The Case of the Lunchtime Abduction--Conclusion
by HA

Next Thursday night, Shirley was on her computer in the attic. She was trying to find web sites with information about ENIGMA. Unfortunately, the information she found so far was of little value.

Shirley looked at Watson, who was lying next to her. "Inspector Hewitt was right. Not much on these guys, I'm afraid," she said to him. Watson let out a tired whimper.

Shirley smiled at Watson, then heard a beep from her computer. "E-mail? At this time of night?"

Shirley accessed her e-mail and found one new message. She noticed that there was no sender name and that it had a sound file attachment only and no text. She read the subject. "'This snake's bite will cause illness.'"

Shirley stared at the screen. She had a good idea who had sent the e-mail.

* * * * *

The next day, Shirley and Bo found Molly next to the lockers. She looked better now; she had normal skin tone and she was no longer deathly thin. A crowd of students was asking her questions about her ordeal. Molly was enjoying being the center of attention; she answered the questions as best as she could.

"Looks like Molly's back to normal," Bo told Shirley.

Shirley walked up to Molly after the crowd dispersed. "Interesting," she said. "There are two things I have to tell you that concern last week."

"And what would they be, Holmes?" Molly asked.

"One, you look rather well," Shirley pointed out. "You're acting normally. That's a big difference from last week."

"Oh, Daddy took me to a therapist," Molly revealed. "He helped me get over being kidnapped and all that."

"Must have been a hypnotist," Bo remarked. "I thought that you'd be gone for a few weeks to recuperate."

Molly gave Bo an icy stare. "I'm all right, okay?" She returned her attention to Shirley. "What else do you have to say, Holmes?"

"Well, even though your plan was not executed, you were still able to get your parents over here," Shirley said.

"Plan? What plan?" Molly asked, looking innocent.

Shirley took out the fax from the acting agency Molly tried to hire and showed it to her. "Sherlock loves your little fax programs, by the way," she told Molly with a grin.

After reading it over, Molly glared at Shirley. "What do you want?"

"Now that you mention it, you can propose some fair cuts in the school budget at today's TSAC meeting," Shirley said, putting away the fax.

"I see," Molly said. "I'll refrain from my attacks on the Science Club, then."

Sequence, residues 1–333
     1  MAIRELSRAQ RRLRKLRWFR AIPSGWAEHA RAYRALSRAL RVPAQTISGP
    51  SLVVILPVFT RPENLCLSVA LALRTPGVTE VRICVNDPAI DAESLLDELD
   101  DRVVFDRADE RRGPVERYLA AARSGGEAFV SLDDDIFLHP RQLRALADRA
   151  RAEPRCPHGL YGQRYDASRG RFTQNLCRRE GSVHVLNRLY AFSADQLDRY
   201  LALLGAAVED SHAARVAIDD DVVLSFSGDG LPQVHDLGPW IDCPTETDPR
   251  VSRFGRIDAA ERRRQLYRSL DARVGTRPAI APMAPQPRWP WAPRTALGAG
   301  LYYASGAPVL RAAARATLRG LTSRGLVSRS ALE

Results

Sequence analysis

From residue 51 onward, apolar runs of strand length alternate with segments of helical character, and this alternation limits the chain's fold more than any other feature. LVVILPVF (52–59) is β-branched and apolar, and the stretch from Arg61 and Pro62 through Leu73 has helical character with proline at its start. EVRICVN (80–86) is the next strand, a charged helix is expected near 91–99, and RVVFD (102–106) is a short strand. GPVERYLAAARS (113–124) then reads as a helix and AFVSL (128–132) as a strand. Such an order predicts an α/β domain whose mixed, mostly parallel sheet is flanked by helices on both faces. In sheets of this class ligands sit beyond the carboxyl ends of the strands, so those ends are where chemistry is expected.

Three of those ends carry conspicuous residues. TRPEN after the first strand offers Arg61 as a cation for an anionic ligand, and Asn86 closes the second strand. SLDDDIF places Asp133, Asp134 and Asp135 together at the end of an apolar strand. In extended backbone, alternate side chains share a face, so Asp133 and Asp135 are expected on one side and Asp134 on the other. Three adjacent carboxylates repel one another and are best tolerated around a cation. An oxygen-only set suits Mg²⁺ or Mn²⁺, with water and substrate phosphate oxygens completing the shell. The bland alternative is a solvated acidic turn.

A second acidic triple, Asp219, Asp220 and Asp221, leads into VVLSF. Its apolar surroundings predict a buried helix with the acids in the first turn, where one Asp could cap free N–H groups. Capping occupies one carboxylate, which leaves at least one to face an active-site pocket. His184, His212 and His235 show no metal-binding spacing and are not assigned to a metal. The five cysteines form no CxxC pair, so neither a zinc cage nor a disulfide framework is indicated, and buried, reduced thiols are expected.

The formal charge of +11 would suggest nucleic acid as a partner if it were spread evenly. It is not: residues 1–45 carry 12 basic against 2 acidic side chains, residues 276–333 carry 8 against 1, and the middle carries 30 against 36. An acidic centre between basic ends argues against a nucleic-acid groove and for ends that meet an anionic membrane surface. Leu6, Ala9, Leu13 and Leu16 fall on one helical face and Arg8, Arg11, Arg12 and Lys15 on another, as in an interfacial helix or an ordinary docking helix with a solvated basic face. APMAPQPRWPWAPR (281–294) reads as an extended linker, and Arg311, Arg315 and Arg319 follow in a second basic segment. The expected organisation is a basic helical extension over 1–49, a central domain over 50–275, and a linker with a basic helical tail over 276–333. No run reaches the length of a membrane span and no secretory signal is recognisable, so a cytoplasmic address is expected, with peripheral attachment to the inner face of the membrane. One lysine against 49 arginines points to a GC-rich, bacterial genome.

"Good idea," Bo said, smiling.

Molly scowled at Bo and opened her locker. Blake walked up to Shirley and Bo. "Hi, guys," he greeted.

"Hi, Blake," Bo said.

Molly looked inside the locker, then froze. Shirley saw that Molly was shaking a little. Molly stepped back from her locker, her lip trembling.

Molly turned to Blake. "Uh, Blake, can you get my books, please?" she asked him, trying to stay calm.

"Sure, Molly. Just point them out," Blake replied.

Molly pointed to some books and Blake got them for her. "Thanks, Blake," Molly said, breathing a little rapidly. She took off quickly without closing her locker.

Shirley closed Molly's locker. "I don't think that therapist cured Molly completely," she told her friends.

* * * * *

"I'm still amazed that your dad convinced Tremain to keep us out of his report," Bo told Blake during lunch.

"It's a gift my dad has," Blake remarked. "We're still the unknown Good Samaritans."

"It's fortunate for us that our families still believe that your dad took us out for pizza," Shirley said.

"Yeah, but it was true," Blake said, grinning. "It was good pizza."

"So how did the final analysis of the dummy go?" Shirley asked Blake.

"I'm afraid the police couldn't get anything else out of it," Blake replied, sounding defeated. "They did determine that there was electronic stuff in the dummy that enabled it to move its head and to broadcast Mr. E's voice, but it's all melted gunk now. They say that some sort of thermal generator did it."

"Looks like ENIGMA's determined to cover its tracks," Bo said.

"You don't become the most powerful criminal organization in the world by making mistakes," Shirley said.

Molly marched up to Shirley's table. "Okay, Holmes, what did you do to my site?" she demanded in a low voice, leaning toward Shirley.

"What are you talking about, Molly?" Shirley asked. Blake pretended not to pay attention.

"It seems that while I was undergoing therapy, my Y site's been taken off." Molly glared at Shirley. "Did you have your friend Sherlock take it off the Web?"

"No," Shirley answered.

"Well, whoever did will pay dearly," Molly said, clenching her teeth. She left in a huff.

"Whoa. I guess Molly's still got a mean streak," Bo said, watching Molly leave.

Shirley looked at Blake. "Did you...?"

"Uh, no," Blake replied. "I've been paying attention to school and that dummy."

"I thought so." Shirley took out a tape recorder. "I have a good idea who did."

"What's that?" Bo asked, looking at the tape recorder.

"Something I recorded last night from an anonymous e-mail." Shirley pressed the "play" button. "Its subject was 'This snake's bite will cause illness.'"

"ENIGMA?" Blake asked.

"ENIGMA," Shirley said, nodding.

They all heard eerie music. "Chance!" the tape began, followed with evil laughter. "Chance!" Then came more evil laughter. "No chance, 'cause that's what you've got..."

"I don't know what this song is, but the message is clear," Shirley said as the song played on.

Bo and Blake listened for a while. "The Corporate Ministry!" they said together, recognizing the song.

Shirley raised an eyebrow. "What?"

"The Corporate Ministry," Blake said. "It's a now-defunct group of heels in the World Wrestling Federation."

"That song is their entrance theme," Bo added.

Shirley looked at both Bo and Blake. "You both watch professional wrestling?" she asked, sounding surprised.

"Yeah!" Bo and Blake said excitedly.

The song continued. "...It's just a matter of time. 'Cause you've got no chance! No chance! No chance in hell! You've got no chance! No chance! No chance in hell!..."

"I think our lives just got a lot more complicated," Bo told Shirley. Blake nodded in agreement.

* * * * *

In his office at ENIGMA headquarters, Mr. E, clad in his uniform and wearing his dark glasses, looked through Molly's Y web site on his computer. "My, my, Hardy is such a gossip," he said, amused.